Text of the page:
Never mind the country's depressed economy. The contemporary art scene in America is thriving and moving on an upwards trajectory that's defying the US's other economic indicators.
"It's exciting now. Opening parties are packed and the market is very strong," relates Simmy Swinder, curator and gallerist. Popular artists sell well, to the extent that she struggles to meet the demands of buyers, she adds. "It's also a situation now where every artist knows one another - whether they're in Los Angeles or New York, so there's a lot of buzz."
Singaporeans will get a glimpse of what the buzz is all about at Gajah Gallery this weekend. The guest curator of Gajah Gallery's latest show, Young Americans: Antimatter, Ms Swinder notes also that the six contemporary artists selected for this show have "come of age between the fall of the Berlin Wall and the fall of the Twin Towers" and that they are just the tip of the iceberg of contemporary art in America today.
"As young, emerging artists, they're in constant dialogue with society, in touch with what's happening on the ground, and they're very experimental," she notes.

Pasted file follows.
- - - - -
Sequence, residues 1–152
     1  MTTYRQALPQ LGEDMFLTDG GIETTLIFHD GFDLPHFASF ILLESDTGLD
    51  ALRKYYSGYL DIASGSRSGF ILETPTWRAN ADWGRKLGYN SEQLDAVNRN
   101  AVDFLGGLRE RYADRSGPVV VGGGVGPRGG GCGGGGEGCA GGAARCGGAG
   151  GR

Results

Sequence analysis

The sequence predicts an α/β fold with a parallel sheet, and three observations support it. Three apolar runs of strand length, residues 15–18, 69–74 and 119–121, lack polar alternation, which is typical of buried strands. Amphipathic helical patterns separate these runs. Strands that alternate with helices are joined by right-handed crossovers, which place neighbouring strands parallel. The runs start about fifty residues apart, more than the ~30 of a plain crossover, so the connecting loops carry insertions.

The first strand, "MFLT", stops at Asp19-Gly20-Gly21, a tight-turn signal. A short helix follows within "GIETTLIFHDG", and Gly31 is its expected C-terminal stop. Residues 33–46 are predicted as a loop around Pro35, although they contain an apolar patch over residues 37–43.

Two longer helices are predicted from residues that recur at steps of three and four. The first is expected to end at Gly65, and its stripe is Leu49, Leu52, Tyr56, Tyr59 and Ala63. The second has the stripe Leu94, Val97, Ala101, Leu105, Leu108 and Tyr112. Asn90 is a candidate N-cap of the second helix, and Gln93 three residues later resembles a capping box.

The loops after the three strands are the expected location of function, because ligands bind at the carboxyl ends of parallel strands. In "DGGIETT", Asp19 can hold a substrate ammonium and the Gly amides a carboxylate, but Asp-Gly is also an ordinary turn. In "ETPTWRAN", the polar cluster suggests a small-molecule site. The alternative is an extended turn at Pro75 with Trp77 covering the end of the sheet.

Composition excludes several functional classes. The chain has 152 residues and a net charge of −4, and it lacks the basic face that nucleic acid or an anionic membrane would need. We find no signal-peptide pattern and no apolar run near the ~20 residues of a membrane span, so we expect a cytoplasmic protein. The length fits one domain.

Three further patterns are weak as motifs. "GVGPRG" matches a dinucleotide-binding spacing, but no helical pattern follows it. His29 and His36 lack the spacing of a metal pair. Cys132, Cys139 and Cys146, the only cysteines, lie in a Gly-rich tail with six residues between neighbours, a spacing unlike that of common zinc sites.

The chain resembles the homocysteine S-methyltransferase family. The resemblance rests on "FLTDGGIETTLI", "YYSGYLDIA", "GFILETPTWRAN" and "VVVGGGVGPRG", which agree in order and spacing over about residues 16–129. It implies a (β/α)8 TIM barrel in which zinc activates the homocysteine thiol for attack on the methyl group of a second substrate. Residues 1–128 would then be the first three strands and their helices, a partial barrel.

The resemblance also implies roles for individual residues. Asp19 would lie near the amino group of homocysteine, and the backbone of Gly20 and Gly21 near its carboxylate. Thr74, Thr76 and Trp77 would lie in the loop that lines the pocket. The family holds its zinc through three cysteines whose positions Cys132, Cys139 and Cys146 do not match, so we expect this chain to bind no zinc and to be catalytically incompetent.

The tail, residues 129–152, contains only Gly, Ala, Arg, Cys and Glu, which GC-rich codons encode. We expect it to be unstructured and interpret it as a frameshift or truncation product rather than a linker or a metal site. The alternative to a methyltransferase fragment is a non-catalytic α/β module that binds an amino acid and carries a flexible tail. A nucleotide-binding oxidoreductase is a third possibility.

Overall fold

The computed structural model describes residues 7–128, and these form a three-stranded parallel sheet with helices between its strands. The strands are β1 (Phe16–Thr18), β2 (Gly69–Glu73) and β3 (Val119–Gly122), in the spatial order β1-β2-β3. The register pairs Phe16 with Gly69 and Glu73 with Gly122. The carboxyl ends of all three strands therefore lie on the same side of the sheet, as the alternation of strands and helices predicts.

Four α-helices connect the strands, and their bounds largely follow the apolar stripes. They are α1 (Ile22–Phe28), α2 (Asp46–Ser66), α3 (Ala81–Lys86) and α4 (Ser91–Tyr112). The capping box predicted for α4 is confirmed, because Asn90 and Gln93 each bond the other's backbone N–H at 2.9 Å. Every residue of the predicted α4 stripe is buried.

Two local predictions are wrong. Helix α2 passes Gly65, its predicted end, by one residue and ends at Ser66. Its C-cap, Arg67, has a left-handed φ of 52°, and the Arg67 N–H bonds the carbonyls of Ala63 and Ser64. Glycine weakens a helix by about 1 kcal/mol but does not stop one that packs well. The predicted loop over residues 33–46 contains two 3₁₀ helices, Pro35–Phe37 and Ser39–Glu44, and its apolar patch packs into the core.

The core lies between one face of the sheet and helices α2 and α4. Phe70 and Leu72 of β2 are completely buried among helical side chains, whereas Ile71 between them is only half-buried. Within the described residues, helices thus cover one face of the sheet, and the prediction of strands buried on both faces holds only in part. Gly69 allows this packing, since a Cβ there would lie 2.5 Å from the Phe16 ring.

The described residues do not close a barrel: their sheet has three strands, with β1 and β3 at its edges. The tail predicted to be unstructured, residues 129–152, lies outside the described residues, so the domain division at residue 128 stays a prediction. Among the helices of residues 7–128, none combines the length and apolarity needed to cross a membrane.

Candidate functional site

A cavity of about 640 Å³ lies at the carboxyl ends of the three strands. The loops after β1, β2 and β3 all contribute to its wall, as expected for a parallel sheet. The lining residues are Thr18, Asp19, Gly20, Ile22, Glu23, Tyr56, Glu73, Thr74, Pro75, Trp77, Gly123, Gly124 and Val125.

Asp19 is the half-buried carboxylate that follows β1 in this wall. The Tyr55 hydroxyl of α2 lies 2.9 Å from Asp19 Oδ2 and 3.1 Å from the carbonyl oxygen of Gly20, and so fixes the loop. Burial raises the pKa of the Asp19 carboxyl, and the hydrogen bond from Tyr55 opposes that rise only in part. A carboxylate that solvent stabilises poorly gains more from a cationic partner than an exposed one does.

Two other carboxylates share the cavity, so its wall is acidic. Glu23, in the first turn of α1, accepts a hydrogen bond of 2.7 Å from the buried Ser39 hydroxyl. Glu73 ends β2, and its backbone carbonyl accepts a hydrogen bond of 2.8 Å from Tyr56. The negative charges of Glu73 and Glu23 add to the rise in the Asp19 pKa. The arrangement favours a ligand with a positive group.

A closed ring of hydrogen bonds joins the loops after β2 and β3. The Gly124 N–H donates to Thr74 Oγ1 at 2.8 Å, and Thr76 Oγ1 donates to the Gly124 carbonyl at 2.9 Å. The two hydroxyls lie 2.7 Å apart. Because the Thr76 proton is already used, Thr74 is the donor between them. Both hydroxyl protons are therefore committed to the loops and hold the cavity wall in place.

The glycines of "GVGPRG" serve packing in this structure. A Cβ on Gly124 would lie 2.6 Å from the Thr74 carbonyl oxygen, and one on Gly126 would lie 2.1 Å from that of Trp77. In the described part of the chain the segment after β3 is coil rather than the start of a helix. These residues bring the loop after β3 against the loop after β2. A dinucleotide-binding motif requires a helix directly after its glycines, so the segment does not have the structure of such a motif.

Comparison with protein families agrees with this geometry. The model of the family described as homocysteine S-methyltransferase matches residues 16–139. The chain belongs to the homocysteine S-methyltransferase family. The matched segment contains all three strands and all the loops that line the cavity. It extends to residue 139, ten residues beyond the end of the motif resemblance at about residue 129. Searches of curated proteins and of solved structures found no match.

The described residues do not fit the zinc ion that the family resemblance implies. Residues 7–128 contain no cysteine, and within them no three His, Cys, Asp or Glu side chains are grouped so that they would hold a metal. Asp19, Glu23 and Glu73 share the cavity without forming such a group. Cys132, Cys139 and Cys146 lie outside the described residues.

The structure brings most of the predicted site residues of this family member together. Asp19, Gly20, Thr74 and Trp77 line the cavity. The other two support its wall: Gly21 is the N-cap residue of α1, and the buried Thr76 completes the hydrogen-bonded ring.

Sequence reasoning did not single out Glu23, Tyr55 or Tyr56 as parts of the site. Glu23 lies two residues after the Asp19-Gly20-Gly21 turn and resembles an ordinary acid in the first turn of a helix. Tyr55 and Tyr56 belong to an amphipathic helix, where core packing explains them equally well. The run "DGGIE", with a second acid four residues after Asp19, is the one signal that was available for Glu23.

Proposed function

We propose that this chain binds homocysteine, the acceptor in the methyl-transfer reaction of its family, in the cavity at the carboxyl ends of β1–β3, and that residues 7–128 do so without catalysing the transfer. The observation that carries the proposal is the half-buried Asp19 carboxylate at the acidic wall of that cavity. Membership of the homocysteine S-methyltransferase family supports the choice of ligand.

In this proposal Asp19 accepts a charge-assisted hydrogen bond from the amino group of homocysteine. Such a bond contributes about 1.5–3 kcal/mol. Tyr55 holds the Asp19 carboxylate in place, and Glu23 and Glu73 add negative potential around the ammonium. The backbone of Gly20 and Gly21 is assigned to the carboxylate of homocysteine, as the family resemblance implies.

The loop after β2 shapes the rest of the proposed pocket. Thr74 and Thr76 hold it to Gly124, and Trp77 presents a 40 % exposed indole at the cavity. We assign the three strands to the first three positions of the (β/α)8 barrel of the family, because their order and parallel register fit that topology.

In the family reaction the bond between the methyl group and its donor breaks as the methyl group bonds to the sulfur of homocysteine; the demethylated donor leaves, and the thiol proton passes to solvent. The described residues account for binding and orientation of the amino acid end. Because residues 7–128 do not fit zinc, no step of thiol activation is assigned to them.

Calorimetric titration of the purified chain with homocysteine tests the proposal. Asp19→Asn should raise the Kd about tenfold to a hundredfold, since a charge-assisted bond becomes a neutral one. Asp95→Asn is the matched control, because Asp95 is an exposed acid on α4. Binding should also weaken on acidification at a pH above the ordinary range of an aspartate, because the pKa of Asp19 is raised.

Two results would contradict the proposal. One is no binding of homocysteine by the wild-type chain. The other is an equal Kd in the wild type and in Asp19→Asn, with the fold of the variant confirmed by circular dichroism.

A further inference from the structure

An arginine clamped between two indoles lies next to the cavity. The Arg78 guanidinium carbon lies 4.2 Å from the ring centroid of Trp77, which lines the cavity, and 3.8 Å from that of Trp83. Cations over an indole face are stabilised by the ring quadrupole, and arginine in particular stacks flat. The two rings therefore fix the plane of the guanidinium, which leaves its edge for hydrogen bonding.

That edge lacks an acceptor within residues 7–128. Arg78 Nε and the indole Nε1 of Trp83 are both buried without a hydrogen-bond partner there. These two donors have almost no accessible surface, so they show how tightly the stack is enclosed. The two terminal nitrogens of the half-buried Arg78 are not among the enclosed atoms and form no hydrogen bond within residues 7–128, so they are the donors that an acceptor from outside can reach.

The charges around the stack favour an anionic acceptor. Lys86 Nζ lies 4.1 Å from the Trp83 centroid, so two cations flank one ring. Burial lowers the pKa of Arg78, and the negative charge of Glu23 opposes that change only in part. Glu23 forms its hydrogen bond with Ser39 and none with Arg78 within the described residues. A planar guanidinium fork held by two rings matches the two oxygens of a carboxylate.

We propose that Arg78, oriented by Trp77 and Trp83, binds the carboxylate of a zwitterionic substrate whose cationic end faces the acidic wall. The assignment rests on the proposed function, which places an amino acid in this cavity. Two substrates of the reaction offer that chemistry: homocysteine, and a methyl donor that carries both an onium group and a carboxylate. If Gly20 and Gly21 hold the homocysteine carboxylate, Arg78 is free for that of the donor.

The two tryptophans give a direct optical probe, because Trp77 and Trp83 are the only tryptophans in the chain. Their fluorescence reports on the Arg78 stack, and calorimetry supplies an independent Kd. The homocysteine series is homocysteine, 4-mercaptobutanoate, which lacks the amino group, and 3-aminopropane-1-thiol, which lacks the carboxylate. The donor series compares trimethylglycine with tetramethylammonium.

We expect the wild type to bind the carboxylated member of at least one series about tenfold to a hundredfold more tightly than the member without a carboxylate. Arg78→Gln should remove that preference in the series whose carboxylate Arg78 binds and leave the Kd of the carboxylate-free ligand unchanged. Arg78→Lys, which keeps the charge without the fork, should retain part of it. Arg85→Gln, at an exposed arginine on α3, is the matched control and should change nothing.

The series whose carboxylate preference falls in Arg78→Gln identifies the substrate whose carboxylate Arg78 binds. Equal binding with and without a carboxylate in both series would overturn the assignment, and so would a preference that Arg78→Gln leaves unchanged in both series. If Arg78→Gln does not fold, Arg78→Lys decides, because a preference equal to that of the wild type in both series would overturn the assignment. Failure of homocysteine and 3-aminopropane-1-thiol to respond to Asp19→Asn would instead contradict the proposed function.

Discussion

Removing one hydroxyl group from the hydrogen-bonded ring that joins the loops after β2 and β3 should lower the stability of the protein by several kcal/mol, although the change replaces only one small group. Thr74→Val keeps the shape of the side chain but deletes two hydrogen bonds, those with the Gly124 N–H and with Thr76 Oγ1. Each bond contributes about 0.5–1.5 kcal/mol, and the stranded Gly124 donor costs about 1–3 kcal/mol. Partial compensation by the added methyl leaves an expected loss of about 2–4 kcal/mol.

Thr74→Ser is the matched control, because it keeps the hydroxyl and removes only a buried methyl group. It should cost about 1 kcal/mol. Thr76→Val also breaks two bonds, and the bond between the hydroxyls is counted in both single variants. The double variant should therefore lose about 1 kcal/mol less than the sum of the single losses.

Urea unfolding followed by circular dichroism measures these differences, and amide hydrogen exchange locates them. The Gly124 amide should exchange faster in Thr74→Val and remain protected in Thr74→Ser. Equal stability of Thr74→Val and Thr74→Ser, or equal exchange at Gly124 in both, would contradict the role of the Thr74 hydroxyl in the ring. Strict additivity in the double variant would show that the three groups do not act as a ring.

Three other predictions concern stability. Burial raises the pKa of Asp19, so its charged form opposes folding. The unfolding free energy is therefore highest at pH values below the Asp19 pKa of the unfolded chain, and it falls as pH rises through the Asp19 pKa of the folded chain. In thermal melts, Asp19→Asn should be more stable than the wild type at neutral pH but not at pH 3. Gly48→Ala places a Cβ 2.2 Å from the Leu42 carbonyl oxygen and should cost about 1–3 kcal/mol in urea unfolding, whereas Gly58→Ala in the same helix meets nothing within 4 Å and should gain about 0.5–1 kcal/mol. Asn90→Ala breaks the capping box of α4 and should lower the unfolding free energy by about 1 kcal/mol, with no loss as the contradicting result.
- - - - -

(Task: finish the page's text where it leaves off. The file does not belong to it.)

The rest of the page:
In her curatorial note, Ms Swinder writes that these "Generation Y'ers are neither cynical nor reactionary". She adds: "They take to and from the streets, exploring and re-exploring everyday objects and experiences, and seize the canvas to exemplify the spirit of the times through their personalities, art, and social circles."
While Singapore is familiar with the works of top US artists, we rarely see works of emerging artists here.
Bumblebee is an artist who's embraced his nickname and made it both his artistic and visual signature. First Kiss is a whimsical painting of a little girl discovering life's quiet moments, but even more fascinating is his concept and use of phone booths that he's "stolen" throughout Los Angeles - and in which he inserts a paper montage of a beehive made from the entire "B" sections of phone books.
Judith Supine's layered mixed-media paintings coated with glossy resin have that street art references - with images derived from popular imagery collected from consumer ads and just the daily and mundane details of the urban environment - as well as the sheen of modern gloss.